Friday 24 May 2024
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(Nov 30): Aerodyne group is set to run its DRONOS software as a service (SaaS) platform on Amazon Web Services to help drone operators worldwide grow their businesses.

DRONOS is an end-to-end drone service platform that allows users to onboard, analyse and make sense of drone data to optimise operations, drive efficiencies and conduct aerial inspections.

Notably, Aerodyne operates drone solutions for telecommunications, agriculture, surveillance, logistics and energy industries in 45 countries.

“DRONOS is a drone operating system. When you fly drones, you need to have expertise [whether] for the pilot or crew to process the data. We want to democratise this. Rather than relying on some experts, we are putting all of this within DRONOS,” said Kamarul A Mohamed, founder and group CEO of Aerodyne.

“It means that anybody can then get drone intelligence and data intelligence. It’s not just drones. You can take satellite data, ground data, you can go out and take your own photos and dump them into the system. We can then extract intelligence for you to make the right decisions on time and every time.

“The whole idea is to connect the whole ecosystem seamlessly for everyone. We are proud to be working with AWS to bring this technology to the market.”

Using the Amazon Simple Storage Service (Amazon S3), Aerodyne created a data lake on AWS to store and turn drone data into actionable insights. Furthermore, using Amazon SageMaker, Aerodyne has been able to automate analysis on mobile phone towers and farm fields.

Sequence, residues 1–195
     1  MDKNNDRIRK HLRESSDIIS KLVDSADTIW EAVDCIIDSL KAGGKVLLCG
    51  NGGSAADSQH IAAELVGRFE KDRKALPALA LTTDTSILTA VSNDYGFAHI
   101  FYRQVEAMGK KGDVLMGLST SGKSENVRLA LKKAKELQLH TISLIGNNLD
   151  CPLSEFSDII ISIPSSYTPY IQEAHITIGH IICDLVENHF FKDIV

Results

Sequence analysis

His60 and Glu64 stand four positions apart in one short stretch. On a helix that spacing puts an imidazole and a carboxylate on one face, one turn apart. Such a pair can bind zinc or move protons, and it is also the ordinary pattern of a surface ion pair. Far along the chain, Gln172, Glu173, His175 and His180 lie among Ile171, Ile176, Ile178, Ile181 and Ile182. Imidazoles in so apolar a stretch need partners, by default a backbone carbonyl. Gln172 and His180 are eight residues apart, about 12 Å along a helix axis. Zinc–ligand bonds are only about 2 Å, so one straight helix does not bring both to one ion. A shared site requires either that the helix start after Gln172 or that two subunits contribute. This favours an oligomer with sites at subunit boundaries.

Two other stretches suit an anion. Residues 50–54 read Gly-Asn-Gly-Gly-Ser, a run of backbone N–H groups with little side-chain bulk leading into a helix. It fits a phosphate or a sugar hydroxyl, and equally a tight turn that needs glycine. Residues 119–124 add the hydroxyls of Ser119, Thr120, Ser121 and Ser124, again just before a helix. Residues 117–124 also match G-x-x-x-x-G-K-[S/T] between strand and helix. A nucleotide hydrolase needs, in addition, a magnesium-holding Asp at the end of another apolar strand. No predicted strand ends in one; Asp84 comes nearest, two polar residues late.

Aerodyne has also reduced its customers' cellular tower operational costs by an average of 20% by using AWS. Additionally, manual data processing costs have reduced by more than 70% compared to on-premises infrastructure.

Aerodyne’s move with AWS will allow them to get to market faster. By leveraging on AWS, Aerodyne will be able to accelerate their plans to deliver DRONOS which initially would have taken about 18 months, said Kamarul.

“In the past, we grew with mergers and acquisition (M&A) strategies. We started this in 2018, and up to now we have completed 21 M&As. Those give us boots on the ground and leadership in the different regions. With the release of this new technology, we do not need boots on the ground. We are 'uberising' this if you like,” he said.

“Our competitors [can] now be our pilots, they can be doing the flying themselves, and we are enabling more people to get into this. We cannot be in 150 countries by ourselves. With the rollout of DRONOS we can work with any company,”

“We will enable them to serve these complex requirements with complex customers, which they otherwise would not have been able to serve. By working with established names such as AWS, it gives us the structure to give the conviction and confidence to the end user that this is all running in a secure environment.”

Kamarul also said he aims to bring data intelligence to every corner of the world without having to physically be there. Aerodyne will have a certification programme for small drone companies, or mom and pop drone companies, as Kamarul put it, to enable them to operate different types of projects.

Aerodyne also plans to experiment with AWS’s generative artificial intelligence capabilities to build a large language model. This will be able to help companies to better plan drone flights and visualise close to one petabyte of drone data.

Edited ByPathma Subramaniam
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